Krasner declared winner of Democratic primary for DA in Philly
Redacción Agencias | 5/17/2017, 9:27 a.m.
That turned out to be just the ticket for victory in the unlikeliest of Democratic primary elections Tuesday.
Progressive voters demanded reform for an office currently held by a man under federal indictment. And the local race was nationalized by a growing sense of resistance among many Democrats in the city to President Trump’s every move.
Krasner, 56, easily defeated six other contenders Tuesday, in a campaign that went from low-key to high-profile last month with a $1.45 million investment from billionaire George Soros in a pro-Krasner independent political action committee.
With nearly 98 percent of the vote tallied Tuesday night, Krasner held nearly an 18-point lead on his closest Democratic rival.
Krasner will face in the Nov. 7 general election Beth Grossman, the lone Republican in her party’s primary Tuesday.
Krasner, a defense attorney for three decades best known for taking on civil rights cases for Black Lives Matter and Occupy Philadelphia members, AIDS activists and protesters arrested at political conventions, has never served a day in his career as a prosecutor.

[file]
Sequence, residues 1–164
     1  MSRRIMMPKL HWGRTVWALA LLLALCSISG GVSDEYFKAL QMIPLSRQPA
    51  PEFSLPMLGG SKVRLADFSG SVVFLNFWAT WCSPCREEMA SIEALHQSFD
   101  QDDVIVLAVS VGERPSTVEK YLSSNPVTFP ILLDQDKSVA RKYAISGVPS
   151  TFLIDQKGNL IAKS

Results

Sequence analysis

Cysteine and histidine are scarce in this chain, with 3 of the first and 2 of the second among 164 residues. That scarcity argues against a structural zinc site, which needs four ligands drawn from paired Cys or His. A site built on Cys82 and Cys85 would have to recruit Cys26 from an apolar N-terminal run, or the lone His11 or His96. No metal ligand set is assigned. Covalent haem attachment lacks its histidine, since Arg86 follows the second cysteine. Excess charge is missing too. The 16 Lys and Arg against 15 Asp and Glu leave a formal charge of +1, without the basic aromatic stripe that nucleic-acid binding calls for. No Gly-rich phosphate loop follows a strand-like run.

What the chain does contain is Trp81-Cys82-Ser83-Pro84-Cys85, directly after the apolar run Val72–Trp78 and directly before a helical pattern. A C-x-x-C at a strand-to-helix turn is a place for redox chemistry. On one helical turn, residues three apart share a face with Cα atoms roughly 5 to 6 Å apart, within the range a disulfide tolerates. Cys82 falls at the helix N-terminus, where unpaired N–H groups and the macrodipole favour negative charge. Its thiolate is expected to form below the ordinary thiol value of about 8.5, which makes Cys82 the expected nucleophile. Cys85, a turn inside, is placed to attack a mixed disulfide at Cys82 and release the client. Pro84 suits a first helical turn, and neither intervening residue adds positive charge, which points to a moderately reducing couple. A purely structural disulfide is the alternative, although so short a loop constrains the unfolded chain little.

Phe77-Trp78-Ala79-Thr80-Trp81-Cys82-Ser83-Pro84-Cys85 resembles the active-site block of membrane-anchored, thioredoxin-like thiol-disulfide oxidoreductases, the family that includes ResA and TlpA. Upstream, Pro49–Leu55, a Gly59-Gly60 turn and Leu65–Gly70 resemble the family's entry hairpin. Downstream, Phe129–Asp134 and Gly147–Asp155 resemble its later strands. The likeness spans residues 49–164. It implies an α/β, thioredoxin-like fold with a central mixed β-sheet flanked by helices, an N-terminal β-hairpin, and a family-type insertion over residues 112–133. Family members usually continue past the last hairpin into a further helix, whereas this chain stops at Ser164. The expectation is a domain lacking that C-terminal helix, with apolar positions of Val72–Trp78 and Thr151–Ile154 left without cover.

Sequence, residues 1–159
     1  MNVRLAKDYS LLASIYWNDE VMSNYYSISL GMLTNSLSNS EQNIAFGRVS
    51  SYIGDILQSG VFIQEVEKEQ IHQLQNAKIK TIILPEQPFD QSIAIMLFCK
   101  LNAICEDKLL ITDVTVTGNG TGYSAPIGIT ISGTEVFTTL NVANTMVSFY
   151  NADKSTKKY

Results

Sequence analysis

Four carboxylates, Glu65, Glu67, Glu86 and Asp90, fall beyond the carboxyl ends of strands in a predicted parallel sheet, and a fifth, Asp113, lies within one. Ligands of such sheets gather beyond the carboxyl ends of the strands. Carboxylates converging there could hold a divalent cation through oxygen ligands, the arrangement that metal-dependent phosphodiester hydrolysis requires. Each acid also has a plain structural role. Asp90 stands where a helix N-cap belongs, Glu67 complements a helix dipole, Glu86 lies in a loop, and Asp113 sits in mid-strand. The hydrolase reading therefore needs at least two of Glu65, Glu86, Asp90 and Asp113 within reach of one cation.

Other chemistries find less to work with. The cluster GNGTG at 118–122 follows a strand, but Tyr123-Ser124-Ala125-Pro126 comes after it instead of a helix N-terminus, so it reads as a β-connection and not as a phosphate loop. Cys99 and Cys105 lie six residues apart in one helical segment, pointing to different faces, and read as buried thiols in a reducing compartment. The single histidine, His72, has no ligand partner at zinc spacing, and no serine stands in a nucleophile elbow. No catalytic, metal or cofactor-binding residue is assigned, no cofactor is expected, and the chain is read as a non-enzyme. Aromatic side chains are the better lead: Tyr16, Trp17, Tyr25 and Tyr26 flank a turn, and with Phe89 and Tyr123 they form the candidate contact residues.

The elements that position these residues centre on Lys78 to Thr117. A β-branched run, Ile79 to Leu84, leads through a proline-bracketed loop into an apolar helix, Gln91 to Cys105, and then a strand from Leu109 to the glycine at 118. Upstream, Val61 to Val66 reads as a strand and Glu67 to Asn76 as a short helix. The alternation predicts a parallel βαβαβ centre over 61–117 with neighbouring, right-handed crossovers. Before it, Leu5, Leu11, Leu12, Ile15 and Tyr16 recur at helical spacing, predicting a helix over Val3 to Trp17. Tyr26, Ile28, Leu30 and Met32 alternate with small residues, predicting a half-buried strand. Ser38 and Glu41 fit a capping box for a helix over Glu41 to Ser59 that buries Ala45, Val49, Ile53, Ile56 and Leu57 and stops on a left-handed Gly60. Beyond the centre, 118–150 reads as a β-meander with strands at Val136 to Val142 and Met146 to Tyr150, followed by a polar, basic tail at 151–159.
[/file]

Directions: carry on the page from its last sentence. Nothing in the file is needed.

That became his pitch — that he was more likely to reform the District Attorney’s Office because he had no ties to the institution, unlike most of the other Democrats in the race.
That message appealed to several hundred people who filled the John C. Anderson Apartments community room and an outdoor courtyard in Center City on Tuesday night for Krasner’s victory party.
It got a little rowdy as the results rolled in.
Chants of "No good cops in a racist system" and against the Fraternal Order of Police were quickly shut down by Krasner campaign staffers.
Krasner, who lives in West Mount Airy, told the crowd they shared a vision of “a criminal justice system that makes things better, that is just, that is based on preventing crime and is based on building up society rather than tearing it apart."
And he reached out to the office he hopes to lead.
"To the good people of the District Attorney's Office, I want you to know, you could have made more doing something else, but you became district attorneys because you wanted justice,” he said. “You know what I want? I want what you want. I want justice."
Krasner had a remarkable impact on the primary, pulling the field to the left, leading that movement with a pledge to stop seeking death-penalty sentences if elected.
He joked Tuesday night that his position on capital punishment had been described as “political suicide.”
As he ended his speech, the crowd launched into a booming chant of "This is what democracy looks like."
Krasner’s primary victory is certain to set off rumblings of uncertainty in the District Attorney’s Office.
He has described it as “a place with a mad zeal for the highest charge, for the highest level of conviction, a culture that can find no flaw in police misconduct, that is drunk on the death penalty.”
Krasner has also sued law enforcement agencies or the government more than 75 times.